It is just as mind-boggling that Confederate sympathizers deny the critical role that the South’s desire to preserve slavery played in causing that war. The oft-repeated claim that the Southern cause was about states’ rights rather than slavery represents, at best, willful blindness to reality. In reality, the two issues were inextricably intertwined, as the “right” that the Confederate states committed treason to defend was to be able to own other human beings.
While Confederate sympathizers today try to erase the role of slavery in the Civil War, they cannot escape the historical record making clear that the desire to preserve slavery was the motivation for secession from the Union. For example, in its Declaration of the Causes of Secession, Mississippi identified as the “immediate causes which induce and justify” secession:
Our position is thoroughly identified with the institution of slavery– the greatest material interest of the world. Its labor supplies the product which constitutes by far the largest and most important portions of commerce of the earth. These products are peculiar to the climate verging on the tropical regions, and by an imperious law of nature, none but the black race can bear exposure to the tropical sun. These products have become necessities of the world, and a blow at slavery is a blow at commerce and civilization. That blow has been long aimed at the institution, and was at the point of reaching its consummation. There was no choice left us but submission to the mandates of abolition, or a dissolution of the Union, whose principles had been subverted to work out our ruin.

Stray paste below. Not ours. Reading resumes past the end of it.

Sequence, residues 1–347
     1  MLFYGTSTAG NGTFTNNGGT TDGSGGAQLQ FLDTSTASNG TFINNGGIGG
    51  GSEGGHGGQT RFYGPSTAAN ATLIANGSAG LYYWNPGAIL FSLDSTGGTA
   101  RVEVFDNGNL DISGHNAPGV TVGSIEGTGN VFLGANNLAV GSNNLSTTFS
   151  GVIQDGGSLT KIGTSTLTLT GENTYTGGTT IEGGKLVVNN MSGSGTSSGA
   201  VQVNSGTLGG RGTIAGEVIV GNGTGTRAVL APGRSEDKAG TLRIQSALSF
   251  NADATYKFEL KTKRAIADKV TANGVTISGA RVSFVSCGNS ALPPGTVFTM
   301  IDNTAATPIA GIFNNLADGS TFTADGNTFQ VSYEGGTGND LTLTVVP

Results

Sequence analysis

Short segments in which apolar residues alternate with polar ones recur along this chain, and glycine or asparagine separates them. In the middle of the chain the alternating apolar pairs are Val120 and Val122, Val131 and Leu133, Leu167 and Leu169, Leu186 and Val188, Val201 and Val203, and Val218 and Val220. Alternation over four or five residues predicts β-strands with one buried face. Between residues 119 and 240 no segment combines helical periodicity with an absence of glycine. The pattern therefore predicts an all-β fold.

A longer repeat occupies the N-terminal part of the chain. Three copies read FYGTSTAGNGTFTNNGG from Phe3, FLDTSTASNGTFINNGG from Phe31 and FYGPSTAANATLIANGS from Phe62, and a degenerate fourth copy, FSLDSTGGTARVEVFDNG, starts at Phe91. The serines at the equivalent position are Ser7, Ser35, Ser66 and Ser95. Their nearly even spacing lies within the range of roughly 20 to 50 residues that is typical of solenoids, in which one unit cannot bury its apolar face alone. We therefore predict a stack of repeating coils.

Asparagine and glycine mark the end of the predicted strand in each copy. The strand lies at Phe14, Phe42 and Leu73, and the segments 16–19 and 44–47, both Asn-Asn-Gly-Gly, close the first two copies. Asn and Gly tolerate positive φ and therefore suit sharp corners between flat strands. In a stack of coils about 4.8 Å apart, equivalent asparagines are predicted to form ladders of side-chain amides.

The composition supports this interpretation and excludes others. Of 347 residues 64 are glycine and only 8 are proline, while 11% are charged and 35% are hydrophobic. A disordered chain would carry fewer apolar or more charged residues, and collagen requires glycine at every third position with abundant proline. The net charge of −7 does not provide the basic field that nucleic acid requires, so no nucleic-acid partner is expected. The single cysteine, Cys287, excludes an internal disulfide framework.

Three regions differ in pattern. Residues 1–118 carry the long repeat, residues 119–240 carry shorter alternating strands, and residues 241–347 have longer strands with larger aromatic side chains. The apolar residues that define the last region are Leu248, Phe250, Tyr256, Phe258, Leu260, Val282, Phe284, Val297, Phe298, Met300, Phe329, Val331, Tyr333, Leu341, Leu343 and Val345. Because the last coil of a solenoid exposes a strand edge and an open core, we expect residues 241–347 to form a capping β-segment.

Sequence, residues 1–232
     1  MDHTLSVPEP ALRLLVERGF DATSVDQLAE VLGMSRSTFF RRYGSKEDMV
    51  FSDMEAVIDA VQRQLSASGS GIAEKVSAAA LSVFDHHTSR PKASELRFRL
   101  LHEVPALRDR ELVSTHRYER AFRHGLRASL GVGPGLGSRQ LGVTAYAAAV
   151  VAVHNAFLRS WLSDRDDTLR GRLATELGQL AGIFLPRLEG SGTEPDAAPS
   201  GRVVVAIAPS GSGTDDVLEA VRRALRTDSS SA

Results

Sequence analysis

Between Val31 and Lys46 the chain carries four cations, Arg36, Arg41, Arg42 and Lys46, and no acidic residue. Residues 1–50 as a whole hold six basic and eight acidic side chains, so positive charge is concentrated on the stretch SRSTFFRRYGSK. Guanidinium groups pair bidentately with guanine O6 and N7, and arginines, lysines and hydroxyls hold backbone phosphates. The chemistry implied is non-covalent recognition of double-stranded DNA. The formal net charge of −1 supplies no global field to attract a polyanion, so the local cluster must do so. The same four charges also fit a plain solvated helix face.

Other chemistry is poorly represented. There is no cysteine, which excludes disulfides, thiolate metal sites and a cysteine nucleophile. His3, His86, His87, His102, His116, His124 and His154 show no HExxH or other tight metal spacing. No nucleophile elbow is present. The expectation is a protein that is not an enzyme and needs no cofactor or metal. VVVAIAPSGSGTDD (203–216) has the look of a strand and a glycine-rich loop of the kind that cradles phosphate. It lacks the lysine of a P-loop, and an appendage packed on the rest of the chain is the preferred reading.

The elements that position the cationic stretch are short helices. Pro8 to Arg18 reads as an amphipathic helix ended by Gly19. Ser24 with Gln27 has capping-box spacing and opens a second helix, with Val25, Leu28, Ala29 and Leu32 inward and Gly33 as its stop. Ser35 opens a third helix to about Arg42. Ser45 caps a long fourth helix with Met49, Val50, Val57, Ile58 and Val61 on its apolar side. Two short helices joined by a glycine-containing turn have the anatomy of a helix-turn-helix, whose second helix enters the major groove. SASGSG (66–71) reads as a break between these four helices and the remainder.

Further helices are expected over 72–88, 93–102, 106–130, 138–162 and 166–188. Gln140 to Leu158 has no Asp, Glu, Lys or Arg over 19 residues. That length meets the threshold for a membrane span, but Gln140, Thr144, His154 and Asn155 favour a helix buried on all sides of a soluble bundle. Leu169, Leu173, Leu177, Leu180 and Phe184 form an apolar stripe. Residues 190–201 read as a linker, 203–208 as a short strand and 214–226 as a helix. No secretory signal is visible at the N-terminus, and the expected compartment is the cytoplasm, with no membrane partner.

The Declarations of the Causes of Secession of South Carolina, Texas, and Georgia are focused on slavery and the North’s efforts to end slavery as the cause of secession and the resulting Civil War.
Similarly, E.S. Dargan, former Chief Justice of the Alabama Supreme Court and member of the Confederate States of America Congress, explained his vote at his state’s secession convention in favor of secession as follows: